The Phoenix metro area suffers from high summer heat, leading to a rash of indoor heat deaths, particularly among vulnerable populations, such as the elderly, low-income, unhoused, and mobile home dwellers. Data from the Maricopa County Public Health Department indicate that on average 25% of all indoor heat deaths occur in mobile homes. The research faculty and students of ASU's Knowledge Exchange for Resilience are working to understand what are the significant local issues, that lead to the disproportionate numbers of heat-related deaths in some areas. YouthMappers who are on this team are contributing by creating maps on OpenStreetMap for use in this research.
The first step in this research was to identify the regions that suffer the most. By overlaying the map of where people receive utility assistance with the map of indoor heat related deaths, a gap was found in Mesa where people were perishing from heat but not receiving help. From satellite imagery, It can be seen that the central part of Mesa has a high mobile home density in comparison with other cities and urban villages in the Phoenix Metropolitan area.
High-mobile-home dense central part of Mesa that is visible from the satellite (white-colored reflections)
Mostly, this visible feature on the landscape is due to the high number of mobile home parks that are settled in this area. These types of parks accumulate people densely providing small dwellings without any yard or space around. Mobile home parks provide two types of dwellings in parks – mobile homes and RVs (Recreational Vehicles). Both of these types of housing are not designed for permanent living. However, it is a response and solution for affordable housing in the face of homelessness and poverty. People who live in mobile homes, typically are not eligible for utility assistance, even though their bills can skyrocket during the summer because the building materials are not energy efficient. As a result, some people have to turn off the air conditioning and stay indoors, which turns literally into an oven due to the building materials.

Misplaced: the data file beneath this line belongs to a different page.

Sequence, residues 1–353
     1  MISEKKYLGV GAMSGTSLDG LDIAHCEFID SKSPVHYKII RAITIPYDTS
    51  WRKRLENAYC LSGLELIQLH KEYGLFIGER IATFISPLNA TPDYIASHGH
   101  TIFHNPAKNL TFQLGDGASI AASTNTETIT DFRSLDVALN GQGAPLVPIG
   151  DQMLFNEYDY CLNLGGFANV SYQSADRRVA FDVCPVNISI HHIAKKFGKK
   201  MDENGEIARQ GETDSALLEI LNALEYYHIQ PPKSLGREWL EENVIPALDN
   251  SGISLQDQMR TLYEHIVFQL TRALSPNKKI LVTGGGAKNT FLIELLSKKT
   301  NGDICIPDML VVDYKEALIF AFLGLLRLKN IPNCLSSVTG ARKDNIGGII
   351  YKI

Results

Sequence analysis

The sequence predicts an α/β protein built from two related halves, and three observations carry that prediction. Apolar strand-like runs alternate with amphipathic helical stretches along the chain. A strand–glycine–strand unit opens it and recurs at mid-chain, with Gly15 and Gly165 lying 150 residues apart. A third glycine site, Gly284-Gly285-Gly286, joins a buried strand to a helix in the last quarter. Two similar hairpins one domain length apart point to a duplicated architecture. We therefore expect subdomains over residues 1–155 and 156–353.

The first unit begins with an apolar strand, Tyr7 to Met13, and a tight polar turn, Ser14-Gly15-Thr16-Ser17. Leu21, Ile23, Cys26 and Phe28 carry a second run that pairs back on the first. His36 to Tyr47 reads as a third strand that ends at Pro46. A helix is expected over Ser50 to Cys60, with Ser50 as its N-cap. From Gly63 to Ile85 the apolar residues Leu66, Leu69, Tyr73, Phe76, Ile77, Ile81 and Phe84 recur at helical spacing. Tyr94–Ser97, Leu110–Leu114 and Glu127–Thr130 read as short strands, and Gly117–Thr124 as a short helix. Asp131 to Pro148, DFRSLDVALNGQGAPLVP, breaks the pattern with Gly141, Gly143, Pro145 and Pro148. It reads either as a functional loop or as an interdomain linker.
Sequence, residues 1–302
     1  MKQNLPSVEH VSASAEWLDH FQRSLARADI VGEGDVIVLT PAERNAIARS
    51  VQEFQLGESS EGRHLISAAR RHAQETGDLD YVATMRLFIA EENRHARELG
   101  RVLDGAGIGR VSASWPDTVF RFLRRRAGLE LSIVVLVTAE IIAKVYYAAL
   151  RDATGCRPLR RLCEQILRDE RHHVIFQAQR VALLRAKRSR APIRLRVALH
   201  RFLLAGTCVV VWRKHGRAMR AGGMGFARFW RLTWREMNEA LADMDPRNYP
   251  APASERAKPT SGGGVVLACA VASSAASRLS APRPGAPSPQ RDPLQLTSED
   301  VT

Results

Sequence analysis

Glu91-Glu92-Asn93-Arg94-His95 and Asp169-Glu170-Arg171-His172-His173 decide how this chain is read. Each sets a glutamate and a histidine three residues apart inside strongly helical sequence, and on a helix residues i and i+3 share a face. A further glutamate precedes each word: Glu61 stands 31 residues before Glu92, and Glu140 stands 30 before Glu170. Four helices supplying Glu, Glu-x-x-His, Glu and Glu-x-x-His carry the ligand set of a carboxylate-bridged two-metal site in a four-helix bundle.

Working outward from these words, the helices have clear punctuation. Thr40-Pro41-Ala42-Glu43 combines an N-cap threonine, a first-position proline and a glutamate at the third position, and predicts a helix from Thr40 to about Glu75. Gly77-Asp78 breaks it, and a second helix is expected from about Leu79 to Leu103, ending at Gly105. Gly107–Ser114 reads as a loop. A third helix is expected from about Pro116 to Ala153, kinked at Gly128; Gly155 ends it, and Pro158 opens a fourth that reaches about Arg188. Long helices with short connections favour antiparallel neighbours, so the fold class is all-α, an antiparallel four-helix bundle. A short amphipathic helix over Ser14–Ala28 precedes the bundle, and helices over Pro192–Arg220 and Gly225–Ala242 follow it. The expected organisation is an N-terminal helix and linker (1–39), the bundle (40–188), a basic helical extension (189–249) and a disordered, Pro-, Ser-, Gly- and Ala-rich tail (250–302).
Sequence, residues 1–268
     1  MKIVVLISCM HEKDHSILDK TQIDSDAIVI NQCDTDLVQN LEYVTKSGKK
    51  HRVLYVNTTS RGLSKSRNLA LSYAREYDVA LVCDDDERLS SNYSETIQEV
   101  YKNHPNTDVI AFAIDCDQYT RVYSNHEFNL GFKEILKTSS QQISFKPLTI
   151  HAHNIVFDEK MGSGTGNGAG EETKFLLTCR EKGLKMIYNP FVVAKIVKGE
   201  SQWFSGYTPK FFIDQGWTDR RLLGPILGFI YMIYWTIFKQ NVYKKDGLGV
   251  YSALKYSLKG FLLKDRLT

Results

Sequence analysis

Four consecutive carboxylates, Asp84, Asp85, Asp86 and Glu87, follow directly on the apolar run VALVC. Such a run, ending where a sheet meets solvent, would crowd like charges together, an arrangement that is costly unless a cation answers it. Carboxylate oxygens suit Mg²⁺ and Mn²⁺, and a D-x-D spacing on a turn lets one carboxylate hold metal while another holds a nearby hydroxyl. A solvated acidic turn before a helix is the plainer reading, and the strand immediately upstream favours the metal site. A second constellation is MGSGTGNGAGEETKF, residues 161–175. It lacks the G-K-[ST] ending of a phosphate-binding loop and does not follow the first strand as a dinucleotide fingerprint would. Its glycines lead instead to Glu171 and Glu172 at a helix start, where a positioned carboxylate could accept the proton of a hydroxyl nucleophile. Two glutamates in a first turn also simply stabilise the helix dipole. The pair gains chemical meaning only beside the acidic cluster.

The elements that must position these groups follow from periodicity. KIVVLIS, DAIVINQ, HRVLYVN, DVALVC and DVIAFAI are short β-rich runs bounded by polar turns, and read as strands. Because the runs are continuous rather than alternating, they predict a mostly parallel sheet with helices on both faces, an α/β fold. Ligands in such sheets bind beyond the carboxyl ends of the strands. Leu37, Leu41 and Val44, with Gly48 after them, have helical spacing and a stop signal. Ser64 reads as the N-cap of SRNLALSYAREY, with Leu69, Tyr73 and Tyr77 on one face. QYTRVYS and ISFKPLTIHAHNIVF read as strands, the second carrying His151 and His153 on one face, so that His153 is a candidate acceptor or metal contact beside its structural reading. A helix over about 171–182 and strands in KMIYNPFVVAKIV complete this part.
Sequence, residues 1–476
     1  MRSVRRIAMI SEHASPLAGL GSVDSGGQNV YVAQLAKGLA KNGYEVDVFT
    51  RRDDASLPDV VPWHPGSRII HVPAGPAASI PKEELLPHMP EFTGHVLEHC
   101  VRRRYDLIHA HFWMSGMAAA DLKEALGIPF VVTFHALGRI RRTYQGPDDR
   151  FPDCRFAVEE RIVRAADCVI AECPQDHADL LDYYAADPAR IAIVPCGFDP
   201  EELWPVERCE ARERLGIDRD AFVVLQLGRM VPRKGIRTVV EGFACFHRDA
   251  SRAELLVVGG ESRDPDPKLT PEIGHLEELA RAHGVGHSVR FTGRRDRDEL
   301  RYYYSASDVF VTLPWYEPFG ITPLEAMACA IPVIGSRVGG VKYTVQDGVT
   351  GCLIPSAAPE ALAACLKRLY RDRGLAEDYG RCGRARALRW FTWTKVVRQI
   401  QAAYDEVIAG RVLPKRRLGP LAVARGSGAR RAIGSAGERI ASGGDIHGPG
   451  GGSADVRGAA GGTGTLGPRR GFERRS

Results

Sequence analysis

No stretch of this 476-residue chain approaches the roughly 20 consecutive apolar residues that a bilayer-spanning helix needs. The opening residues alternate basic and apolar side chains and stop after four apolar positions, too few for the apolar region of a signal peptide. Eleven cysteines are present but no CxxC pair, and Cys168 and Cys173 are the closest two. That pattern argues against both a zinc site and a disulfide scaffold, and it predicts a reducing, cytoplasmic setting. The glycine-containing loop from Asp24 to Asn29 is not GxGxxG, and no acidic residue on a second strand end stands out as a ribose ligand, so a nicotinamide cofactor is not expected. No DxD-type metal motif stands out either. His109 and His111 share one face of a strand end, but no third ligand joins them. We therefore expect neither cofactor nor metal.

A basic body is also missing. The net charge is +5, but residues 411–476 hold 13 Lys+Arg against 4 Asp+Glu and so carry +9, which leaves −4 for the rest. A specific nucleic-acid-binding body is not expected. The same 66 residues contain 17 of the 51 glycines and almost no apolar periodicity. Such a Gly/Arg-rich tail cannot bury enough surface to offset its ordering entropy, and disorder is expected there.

Mobile home park from satellite imagery of Mesa
As part of our research it was necessary to define where these houses are located, how many of them there are, and what are the demographics there. Mobile home parks have an owner landlord, so they are set up as a private area. As a result, mobile home building footprints are not typically traced on maps. In this case, OpenStreetMap became a solution and a powerful tool to map mobile homes and RVs.
Results of mapping mobile homes, Mesa. Before there were only roads, afterwards all of the mobile houses, buildings and RVs appear on the map. Aa a result, the team traced 672 RVs and more than 2,000 mobile homes.